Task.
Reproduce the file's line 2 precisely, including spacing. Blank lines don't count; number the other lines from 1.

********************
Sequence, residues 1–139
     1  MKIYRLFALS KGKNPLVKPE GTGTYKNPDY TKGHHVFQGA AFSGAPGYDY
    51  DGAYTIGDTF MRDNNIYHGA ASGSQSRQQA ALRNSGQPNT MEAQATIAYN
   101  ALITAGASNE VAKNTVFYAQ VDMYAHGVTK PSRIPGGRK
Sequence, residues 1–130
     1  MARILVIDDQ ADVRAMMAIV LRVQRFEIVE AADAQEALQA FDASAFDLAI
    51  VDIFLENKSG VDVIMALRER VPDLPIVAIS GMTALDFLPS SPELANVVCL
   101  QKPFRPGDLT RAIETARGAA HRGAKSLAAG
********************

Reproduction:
     1  MKIYRLFALS KGKNPLVKPE GTGTYKNPDY TKGHHVFQGA AFSGAPGYDY